Five reasons to network

Based on conversations I’ve been having lately with a range of people, networking can feel really tricky. On the one hand, we all have business objectives – selling projects, or sourcing talent, or identifying partners. But on the other hand, most smart people understand there is value in taking a more zen approach to networking, doing it without trying to meet specific goals. But how is that value realized?

I think it’s useful to be a bit more explicit about the benefits of networking where there isn’t (yet) a concrete expected business outcome:

  1. Life is long – You never know when someone you didn’t think you had real interests in common with will make a change that means you can really do something together – or when you might.
  2. The world is small – I recently sat down with someone I hadn’t seen for a decade – and didn’t know very well back then, either – and we realized that we had a large number of surprisingly close contacts. He used to work with someone who had hired me, for instance. We are already more closely connected than we’d realized. (LinkedIn, your algorithm should have tried to connect us a long time ago! What’s up?)
  3. People are surprising – I’m often amazed at who someone might put me in touch with; people can be very generous with their contacts and their time. It can also be illuminating to hear what people actually do, which isn’t necessarily well-represented by their company or their title. Last week I had the most fascinating conversation with someone where he knew what we had in common and why we should talk, but I certainly didn’t – at least when we started. But by the end of the conversation, I understood very well how we might build on the connection.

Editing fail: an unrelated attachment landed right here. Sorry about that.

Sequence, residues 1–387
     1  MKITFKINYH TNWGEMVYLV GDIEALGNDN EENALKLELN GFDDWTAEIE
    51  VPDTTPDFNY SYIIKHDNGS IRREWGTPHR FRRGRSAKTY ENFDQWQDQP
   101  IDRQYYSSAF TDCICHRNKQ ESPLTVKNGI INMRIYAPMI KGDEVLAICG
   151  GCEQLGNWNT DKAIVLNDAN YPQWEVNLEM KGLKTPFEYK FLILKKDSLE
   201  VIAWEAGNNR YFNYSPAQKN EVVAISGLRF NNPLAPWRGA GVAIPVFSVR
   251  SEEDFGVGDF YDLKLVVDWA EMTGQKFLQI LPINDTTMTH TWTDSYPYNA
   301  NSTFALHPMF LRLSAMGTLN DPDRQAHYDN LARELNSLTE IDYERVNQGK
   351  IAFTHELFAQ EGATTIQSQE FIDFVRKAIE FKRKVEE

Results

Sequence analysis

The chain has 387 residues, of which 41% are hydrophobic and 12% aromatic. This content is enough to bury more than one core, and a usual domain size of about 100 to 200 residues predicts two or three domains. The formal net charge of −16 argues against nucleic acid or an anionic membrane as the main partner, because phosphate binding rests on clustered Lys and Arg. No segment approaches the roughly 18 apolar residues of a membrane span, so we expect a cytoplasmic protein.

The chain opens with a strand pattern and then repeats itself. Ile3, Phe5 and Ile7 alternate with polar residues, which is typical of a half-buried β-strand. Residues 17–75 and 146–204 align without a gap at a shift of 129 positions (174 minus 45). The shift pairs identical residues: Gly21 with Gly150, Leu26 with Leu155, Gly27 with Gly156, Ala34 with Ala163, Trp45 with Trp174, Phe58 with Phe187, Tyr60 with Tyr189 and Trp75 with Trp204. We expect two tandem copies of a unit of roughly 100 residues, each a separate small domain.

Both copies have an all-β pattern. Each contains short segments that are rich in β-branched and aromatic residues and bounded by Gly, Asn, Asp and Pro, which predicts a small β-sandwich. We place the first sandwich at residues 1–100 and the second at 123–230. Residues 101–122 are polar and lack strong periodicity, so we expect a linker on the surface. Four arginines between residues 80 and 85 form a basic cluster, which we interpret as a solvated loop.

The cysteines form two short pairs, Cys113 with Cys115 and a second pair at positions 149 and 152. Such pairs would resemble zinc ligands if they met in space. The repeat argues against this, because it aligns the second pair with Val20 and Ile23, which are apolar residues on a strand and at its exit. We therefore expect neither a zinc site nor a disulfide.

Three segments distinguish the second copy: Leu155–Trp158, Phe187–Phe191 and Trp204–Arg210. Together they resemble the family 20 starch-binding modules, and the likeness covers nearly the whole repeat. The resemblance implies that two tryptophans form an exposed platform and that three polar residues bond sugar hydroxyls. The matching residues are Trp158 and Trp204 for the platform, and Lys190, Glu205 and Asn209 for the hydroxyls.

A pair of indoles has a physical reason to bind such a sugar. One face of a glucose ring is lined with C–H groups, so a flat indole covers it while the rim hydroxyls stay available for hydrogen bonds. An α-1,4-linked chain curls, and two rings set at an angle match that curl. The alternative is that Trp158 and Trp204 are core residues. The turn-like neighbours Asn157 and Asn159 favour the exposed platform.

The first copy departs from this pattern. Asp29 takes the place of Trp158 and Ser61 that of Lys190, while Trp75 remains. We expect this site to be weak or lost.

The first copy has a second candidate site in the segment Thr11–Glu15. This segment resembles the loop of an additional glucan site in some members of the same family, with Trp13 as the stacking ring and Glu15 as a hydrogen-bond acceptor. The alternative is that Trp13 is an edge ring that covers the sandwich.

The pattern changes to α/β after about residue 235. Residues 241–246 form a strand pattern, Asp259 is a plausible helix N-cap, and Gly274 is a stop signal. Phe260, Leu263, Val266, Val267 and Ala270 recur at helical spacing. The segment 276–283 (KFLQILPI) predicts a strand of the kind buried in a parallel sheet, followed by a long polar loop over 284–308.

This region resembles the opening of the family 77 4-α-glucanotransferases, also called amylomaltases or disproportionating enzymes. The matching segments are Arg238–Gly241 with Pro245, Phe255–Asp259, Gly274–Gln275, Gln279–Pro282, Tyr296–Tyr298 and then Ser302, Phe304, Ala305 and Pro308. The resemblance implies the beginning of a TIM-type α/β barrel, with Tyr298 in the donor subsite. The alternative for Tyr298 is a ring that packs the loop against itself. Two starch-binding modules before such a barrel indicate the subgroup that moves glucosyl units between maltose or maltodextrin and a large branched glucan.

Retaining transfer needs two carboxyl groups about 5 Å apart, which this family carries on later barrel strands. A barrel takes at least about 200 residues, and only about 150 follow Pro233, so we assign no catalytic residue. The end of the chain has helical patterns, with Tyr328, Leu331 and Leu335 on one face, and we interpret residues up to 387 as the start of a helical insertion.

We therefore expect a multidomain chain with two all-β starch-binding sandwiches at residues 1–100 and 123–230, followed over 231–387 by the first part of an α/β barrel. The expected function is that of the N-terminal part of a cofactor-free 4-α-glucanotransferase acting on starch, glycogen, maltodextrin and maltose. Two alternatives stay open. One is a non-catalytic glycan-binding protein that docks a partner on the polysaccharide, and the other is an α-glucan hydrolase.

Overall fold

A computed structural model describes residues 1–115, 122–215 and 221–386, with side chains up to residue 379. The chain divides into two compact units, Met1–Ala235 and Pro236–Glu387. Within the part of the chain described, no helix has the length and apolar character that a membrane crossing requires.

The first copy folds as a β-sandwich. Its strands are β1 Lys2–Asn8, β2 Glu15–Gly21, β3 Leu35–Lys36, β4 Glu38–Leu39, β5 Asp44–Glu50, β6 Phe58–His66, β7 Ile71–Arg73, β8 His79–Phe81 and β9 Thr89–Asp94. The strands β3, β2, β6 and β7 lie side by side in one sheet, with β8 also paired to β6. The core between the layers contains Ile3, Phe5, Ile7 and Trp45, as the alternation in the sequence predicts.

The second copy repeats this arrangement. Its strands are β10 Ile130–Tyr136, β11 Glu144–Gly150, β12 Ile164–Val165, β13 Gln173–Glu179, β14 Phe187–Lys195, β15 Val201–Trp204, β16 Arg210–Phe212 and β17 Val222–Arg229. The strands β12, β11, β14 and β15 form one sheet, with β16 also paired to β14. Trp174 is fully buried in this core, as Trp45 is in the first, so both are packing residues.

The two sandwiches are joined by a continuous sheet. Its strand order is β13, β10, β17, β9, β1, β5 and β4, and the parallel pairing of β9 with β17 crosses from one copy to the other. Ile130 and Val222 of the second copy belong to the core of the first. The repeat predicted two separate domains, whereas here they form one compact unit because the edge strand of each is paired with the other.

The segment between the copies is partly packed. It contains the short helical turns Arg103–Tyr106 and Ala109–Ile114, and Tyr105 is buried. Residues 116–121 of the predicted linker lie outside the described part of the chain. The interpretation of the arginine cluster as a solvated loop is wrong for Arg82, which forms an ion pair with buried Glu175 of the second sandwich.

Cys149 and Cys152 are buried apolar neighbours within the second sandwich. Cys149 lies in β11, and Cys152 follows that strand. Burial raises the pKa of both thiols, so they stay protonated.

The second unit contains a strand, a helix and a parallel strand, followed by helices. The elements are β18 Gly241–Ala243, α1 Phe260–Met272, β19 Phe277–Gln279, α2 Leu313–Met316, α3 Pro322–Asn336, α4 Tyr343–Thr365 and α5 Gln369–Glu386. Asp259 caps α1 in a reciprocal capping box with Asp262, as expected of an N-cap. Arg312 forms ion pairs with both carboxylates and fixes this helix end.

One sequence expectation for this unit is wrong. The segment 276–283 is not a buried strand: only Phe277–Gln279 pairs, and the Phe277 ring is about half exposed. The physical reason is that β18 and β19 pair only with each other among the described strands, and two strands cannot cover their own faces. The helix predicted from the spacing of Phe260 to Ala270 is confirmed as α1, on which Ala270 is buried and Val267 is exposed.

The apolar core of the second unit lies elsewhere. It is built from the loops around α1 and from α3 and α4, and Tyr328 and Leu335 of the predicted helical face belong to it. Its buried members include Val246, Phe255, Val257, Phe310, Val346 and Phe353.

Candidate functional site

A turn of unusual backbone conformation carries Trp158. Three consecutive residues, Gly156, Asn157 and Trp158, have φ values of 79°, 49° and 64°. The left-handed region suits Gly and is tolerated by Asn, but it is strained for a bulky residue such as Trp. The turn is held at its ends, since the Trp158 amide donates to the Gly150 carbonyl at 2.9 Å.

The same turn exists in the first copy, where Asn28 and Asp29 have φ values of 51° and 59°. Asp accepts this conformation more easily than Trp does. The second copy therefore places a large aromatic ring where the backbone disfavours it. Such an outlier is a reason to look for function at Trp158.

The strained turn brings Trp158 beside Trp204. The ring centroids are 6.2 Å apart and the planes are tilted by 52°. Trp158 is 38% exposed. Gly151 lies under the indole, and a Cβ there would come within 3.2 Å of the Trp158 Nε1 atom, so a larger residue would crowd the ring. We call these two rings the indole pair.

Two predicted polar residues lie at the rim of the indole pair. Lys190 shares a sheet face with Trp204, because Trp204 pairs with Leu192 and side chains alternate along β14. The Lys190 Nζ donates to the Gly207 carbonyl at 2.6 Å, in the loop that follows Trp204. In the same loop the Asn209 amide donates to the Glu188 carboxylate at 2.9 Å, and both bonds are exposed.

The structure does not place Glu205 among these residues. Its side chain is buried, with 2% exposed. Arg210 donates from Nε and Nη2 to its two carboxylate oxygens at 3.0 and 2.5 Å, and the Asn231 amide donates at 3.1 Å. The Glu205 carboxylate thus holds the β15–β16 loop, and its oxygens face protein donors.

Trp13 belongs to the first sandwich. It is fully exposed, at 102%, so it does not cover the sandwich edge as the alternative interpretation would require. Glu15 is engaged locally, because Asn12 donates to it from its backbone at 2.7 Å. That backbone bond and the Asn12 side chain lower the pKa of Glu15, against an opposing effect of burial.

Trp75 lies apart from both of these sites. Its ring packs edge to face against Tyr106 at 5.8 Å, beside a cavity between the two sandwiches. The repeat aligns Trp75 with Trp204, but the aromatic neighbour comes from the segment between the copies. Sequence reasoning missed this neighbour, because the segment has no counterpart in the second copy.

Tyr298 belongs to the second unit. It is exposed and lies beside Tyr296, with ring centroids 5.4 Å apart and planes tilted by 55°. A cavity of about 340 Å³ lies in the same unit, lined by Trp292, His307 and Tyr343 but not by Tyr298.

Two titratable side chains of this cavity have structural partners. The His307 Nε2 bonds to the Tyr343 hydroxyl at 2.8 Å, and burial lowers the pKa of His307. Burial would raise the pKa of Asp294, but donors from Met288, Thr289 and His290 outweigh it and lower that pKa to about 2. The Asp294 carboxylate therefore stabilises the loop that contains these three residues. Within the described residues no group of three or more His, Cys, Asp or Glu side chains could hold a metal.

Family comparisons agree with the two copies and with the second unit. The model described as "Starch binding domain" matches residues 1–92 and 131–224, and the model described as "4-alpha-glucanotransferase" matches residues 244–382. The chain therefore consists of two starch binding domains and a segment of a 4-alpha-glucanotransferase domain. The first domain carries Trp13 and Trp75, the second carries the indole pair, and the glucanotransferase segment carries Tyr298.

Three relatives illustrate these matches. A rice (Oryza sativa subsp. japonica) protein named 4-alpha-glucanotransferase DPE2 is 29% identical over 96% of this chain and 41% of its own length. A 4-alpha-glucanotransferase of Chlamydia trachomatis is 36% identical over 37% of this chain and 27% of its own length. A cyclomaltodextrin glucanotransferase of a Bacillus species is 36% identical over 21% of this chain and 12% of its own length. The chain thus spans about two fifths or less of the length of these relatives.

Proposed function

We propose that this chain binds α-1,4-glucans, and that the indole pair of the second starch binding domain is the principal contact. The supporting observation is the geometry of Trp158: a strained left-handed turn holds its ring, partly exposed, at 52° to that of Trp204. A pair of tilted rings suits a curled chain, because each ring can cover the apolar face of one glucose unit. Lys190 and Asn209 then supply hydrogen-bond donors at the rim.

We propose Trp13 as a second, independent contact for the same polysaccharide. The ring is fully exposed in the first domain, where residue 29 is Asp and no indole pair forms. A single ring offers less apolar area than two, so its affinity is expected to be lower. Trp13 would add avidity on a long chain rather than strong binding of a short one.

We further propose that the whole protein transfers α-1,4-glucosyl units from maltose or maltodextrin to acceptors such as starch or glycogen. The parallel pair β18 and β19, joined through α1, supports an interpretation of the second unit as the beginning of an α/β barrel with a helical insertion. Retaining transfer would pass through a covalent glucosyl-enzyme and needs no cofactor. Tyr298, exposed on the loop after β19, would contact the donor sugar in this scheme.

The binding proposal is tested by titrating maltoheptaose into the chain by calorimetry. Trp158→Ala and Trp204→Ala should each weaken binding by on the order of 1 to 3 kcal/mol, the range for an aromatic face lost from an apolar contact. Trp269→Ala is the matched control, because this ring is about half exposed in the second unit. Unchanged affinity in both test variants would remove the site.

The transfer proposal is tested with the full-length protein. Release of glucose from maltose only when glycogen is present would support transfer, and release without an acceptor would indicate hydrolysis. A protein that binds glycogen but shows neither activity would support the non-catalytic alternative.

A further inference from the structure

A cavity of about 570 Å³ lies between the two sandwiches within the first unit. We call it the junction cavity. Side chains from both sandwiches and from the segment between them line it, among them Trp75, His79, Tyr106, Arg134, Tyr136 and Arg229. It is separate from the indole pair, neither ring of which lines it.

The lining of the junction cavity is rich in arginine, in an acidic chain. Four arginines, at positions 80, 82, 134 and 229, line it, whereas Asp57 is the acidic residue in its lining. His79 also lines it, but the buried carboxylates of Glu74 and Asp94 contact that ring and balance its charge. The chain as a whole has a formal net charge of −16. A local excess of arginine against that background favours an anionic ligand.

4. Ideas get generated – Whether it’s an old buddy or a sympatico new acquaintance, an open-ended conversation can lead to some great thinking; ideas we explore while we’re talking, or incorporating another perspective into something I’m doing on my own.
  5. You may learn something about yourself: Are you finding it more interesting to network with people who work in a certain field or function? Maybe that’s something you should be listening to. Can you tweak your own work to bring you closer to either being or working with that kind of person?

Time is precious, so of course it’s useful to go in with at least a guess as to what value each of us might get from the conversation. And it’s critical to have a sense of how networking in the long run supports our business or career objectives, if only to know when we’re spending too much time on it – or not enough. Neither of these elements is inconsistent with the notion that networking in an open-minded, loose fashion can lead to tangible benefits.

Always happy to discuss any of this over a coffee, naturally…

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